higher than in England, and I will keep working with colleagues to bring as much new social housing to Leith as we can. But I want students to feel welcome in Leith too. The Save Leith Walk campaign has always rightly said that Leith isn’t in any way against students - Leith has always prided itself on being a diverse and welcoming place. Students come from all across the globe to Edinburgh and add a great deal to the community, bringing a vibrant young energy to Leith and elsewhere. They come here to study and then often stay, making an important and significant contribution to our shared culture, economy and public services. They support small businesses by spending money locally and - if they can be encouraged to see themselves as part of the community – volunteer with local projects and concern themselves with local issues. Many students go on to make their homes in Leith and they add to our diverse and inclusive community, which we all love… How often do you speak to a neighbour or a colleague and discover they first came to Edinburgh as a student? Let’s make sure that the next generation feel just as welcome. ■ Ê Twitter: @BenMacpherson Issue 135 | leithermagazine.com | 23
The Tories & the Cannabis Conundrum Dan Collins exposes the hypocrisy involved in the cannabis as medicine saga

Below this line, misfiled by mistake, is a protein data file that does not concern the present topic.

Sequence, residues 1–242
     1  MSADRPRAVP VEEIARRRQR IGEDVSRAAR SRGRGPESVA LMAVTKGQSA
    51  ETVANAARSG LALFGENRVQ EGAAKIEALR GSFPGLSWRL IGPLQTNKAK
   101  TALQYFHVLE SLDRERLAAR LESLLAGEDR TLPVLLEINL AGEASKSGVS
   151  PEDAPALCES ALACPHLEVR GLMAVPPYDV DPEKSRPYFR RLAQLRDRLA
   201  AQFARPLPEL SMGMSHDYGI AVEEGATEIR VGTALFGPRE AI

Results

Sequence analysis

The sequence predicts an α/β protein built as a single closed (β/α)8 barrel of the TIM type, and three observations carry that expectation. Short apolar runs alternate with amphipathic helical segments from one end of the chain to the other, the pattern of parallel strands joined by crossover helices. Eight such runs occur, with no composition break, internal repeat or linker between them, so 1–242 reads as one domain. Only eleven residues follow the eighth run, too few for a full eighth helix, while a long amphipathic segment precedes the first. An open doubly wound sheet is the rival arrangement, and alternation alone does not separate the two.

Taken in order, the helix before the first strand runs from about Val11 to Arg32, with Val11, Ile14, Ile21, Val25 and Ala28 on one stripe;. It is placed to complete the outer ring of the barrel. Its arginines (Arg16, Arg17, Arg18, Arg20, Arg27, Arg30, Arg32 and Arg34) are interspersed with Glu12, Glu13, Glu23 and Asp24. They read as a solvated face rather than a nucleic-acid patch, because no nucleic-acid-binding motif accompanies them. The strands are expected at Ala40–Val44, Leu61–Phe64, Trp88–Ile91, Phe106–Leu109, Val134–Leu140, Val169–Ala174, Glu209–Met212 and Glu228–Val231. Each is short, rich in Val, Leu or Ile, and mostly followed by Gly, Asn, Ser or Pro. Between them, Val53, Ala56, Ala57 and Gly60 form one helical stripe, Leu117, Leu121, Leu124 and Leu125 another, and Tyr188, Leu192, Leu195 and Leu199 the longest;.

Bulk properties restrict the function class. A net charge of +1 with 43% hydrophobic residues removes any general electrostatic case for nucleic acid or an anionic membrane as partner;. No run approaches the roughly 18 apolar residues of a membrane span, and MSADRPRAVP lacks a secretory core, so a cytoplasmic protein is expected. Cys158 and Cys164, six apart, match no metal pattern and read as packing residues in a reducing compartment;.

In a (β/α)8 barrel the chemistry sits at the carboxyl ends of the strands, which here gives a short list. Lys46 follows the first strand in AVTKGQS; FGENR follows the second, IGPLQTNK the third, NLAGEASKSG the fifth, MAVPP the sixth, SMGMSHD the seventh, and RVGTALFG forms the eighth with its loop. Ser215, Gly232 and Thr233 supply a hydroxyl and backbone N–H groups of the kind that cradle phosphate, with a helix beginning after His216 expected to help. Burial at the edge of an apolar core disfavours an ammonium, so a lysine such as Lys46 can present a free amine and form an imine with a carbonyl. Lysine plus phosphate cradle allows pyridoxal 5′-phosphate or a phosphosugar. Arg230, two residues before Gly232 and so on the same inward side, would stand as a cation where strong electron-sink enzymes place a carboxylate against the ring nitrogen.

ecent statistics estimate that over 1.4 million people in the UK are using cannabis medicinally, but accessing it illegally. I’m sure when the law regarding prescribing medical cannabis was changed many people thought that they would be able to access cannabinoids through the NHS, the reality has been very different. To be very clear, there are currently 2 cannabis derived medicinal products available for prescription in England, for a grand total of 3 conditions. Both the products (called Epidyolex and Sativex) are made by one pharmaceutical company who have well-documented links to the Conservative party and its ministers. The prescribing guidelines published by the National Institute of Clinical Excellence offer a glimmer of hope to a few families scattered across these isles, but the healthcare revolution promised by cannabis advocates is still a long way off. The phrase ‘cannabis user’ can refer to individuals found in almost any demographic; young and old, sick and well, rich and poor, there is no longer a ‘stereotypical’ cannabis user. The reasons that people use cannabis are equally as diverse; some use cannabis products as a sleep aid, an appetite stimulant or an antidepressant. Many cannabis users are seeking relief from pain and anxiety, or as an alternative to more harmful substances such as opioids or alcohol. There are thousands of types of cannabis, and an infinite number of ways that it can be prepared and administered, with each variation producing a different result in different people. Recent attempts to reframe cannabis’s medical utility will continue to offer disappointment, because, in the red-tape and process of writing guidelines and policies, we lose sight of the forest for the trees. Often times in the media we are presented with the dichotomy of ‘recreational versus medical cannabis’, but in the real world there is no such clear distinction. Many people consider cannabis a medicine, but also use it socially, and many people using it for ‘mere recreation’ report positive health outcomes that are incidental to their intended use. 24 | leithermagazine.com | Issue 135